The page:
the documentary style of Ken Burns. This is a useful form for stories with strong images and sound. 

Examples:
Eyewitnesses remember Columbine (click on photo)

Voices
of Columbine

Casualties
of War (Click on ?video?) 

The Nuclear
Gamble (Click on ?video?)
Sun-Sentinel.com: AIDS in the Caribbean
DallasNews.com:
Ladder Co. 6, Engine Co. 9

LIVE CHATS
Chats may not seem like storytelling, but they can be. When moderated
properly, live chats are an interactive version of the Q&A story
format, where the readers are asking the questions. This can be a very
powerful way to convey information because the readers help create and
shape the story. Of course, many online chats are either not moderated
at all or are poorly moderated, and as a result are nearly worthless.

Examples:
Columbine
High School shooting

The
World Trade Organization protests
On
the scene in Pakistan

Oscars
wrap-up

QUIZZES AND SURVEYS
These too may not seem like storytelling, but the forms can be used to do so.
Rather than just make a quiz as a fun aside to a story, an entire story
can be told through the quiz format by breaking the information into
questions and answers. This can be very effective because it engages
the reader.

Examples:

Choosing
a console

Invasion
of Privacy
Video
Game Ratings

Test
Your Economic Literacy
Caddy
for Tiger Woods


When to call
your baby?s doctor
Dateline Eyewitness
story
and Interactive


ANIMATED STORIES
Stories can be told entirely through animation. This is a great way
to tell stories visually when there are no photos or video. A
lot of animation being used online doesn’t tell a story. 
Heck, it doesn’t tell the reader anything.  And along with
all the annoying ads, that’s just helped train online readers to
ignore animation. So don’t overuse it. 
That said, it can be a great tool. It’s OK to use it to
grab the readers attention, but do so sparingly because it can
distract the user from the real story. Use animation to bring
newspaper infographics to life, when you want to recreate an event
that has motion or action, to show how something happened or
works. Or use it for
humorous stories, such as editorial cartoons.

Example: 


The Enemy Below

Molecular Motors


Race in Southern California: 1940-2000



How
the pros play the masters
, how Tiger played it

and Virtual
Fly-Through

The Animated Oliphant

INTERACTIVE WEBCASTS
Webcasting streaming video has been around for a while, but news sites are just beginning to combine various interactive tools with the Webcasts into packages. Adding links to related stories, chats, polls that are referred to in the Webcasts create a very different experience than just watching TV. More advanced versions use technologies such as Flash
and SMIL to embed instructions within the video so that text, links, etc., can be called up at certain points in the video. During the 2000 presidential debates, for example, MSNBC.com users could watch the debate on their computer and on the same screen see a ?Debate Monitor? panel that was continuously updated with facts related to the statements each candidate made, as they made them. (Link no longer available).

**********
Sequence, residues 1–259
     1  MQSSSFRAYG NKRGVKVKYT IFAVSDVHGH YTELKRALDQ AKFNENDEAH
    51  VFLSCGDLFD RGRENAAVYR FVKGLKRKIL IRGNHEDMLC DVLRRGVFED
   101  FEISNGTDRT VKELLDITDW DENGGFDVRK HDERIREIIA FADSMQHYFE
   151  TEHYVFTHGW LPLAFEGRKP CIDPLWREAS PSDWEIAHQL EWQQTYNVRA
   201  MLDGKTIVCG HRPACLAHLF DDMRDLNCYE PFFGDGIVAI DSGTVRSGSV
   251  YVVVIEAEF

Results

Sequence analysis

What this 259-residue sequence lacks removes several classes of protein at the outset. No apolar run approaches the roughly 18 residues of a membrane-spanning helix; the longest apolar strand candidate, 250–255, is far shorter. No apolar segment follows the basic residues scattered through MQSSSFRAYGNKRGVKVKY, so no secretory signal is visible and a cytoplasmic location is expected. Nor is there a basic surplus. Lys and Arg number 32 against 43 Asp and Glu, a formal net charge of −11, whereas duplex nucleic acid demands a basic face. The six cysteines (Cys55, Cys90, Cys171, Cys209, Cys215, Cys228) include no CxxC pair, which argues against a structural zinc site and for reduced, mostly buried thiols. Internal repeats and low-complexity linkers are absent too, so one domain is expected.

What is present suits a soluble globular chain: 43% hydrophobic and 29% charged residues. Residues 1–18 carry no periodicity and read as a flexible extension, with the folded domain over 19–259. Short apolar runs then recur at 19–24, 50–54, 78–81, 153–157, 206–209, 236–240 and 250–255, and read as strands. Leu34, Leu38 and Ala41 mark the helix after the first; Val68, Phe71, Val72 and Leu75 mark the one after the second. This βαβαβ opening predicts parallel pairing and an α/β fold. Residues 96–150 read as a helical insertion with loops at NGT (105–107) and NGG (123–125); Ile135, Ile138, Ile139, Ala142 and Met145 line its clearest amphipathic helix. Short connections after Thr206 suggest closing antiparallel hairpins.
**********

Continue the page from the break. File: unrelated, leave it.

Examples:
Yahoo! Finance Vision

Chris Wallace?s Internet Expose


MSNBC’s
Silicon Summit

Broadband.MSNBC.com

Sam Donaldson @ ABCNEWS.com

MULTIMEDIA
INTERACTIVES

Many online journalism elements and stories combine multiple
forms, creating, in effect, new, hybrid forms. The most
complicated of these use Flash’s animation technology to integrate
text, clickable graphics, audio, photos, video — and sometimes
even polls or quizzes — to create comprehensive
interactive packages that tell stories in ways no other medium
can.

Examples:
U Street in Focus
Flash 9/11
The
Darkest Day
Pearl
Harbor
Driving through the ages

OTHER FORMS

Here are some other interesting examples of online storytelling:

Stories
without words:

Timba
Brava
The
Fall of the Twin Towers


Surround photos and video:
Inside
space stations

Panoramic World Trade Center

Virtual
tour of a haunted library
360-degree
Diallo crime scene views
Video On
the Fly



Weblogs:
Dan
Gillmor’s News and Views
According
to the Times

E-Media
Tidbits


The CyberJournalist List

Databases:
Crime Tracker
Does the IRS owe
you money?

Using community:
Cell phone horror stories
Airport shutdown
Thanksgiving slide show
A tribute to
our troops

Interactive memorial:
A
tribute to Columbine

Text chunking
(Semi-linear storytelling with words):

Ailing
Airlines

Dive and Discover
America
in a slowdown

America
in a slowdown — Post Sept. 11

Games:


Baggage screening

Dateline
Spelling Bee

Electoral
chess

QB
the Bush team
and QB
the Gore team

A
look at the new strike zone


Fueling the Future
HeraldNet: Waterfront Renaissance

8 Comments

  • buroshiva dasgupta

    this is brilliant. it makes infinitely easier for media instructors to explain the convergence – and the divergence – among the various media platforms.i cant thank jon for anything better.
    days ago i had an arguement with my colleague who insisted that multimedia and online writing were the same. he is right to some extend. but i differed saying that while online webwriting was more informative multimedia writing moves towards entertainment. more like the difference between news writing and feature writing in print. jon helps to clarify my point when he says through multimedia you “add” the eye and the ear. you show. there is a difference.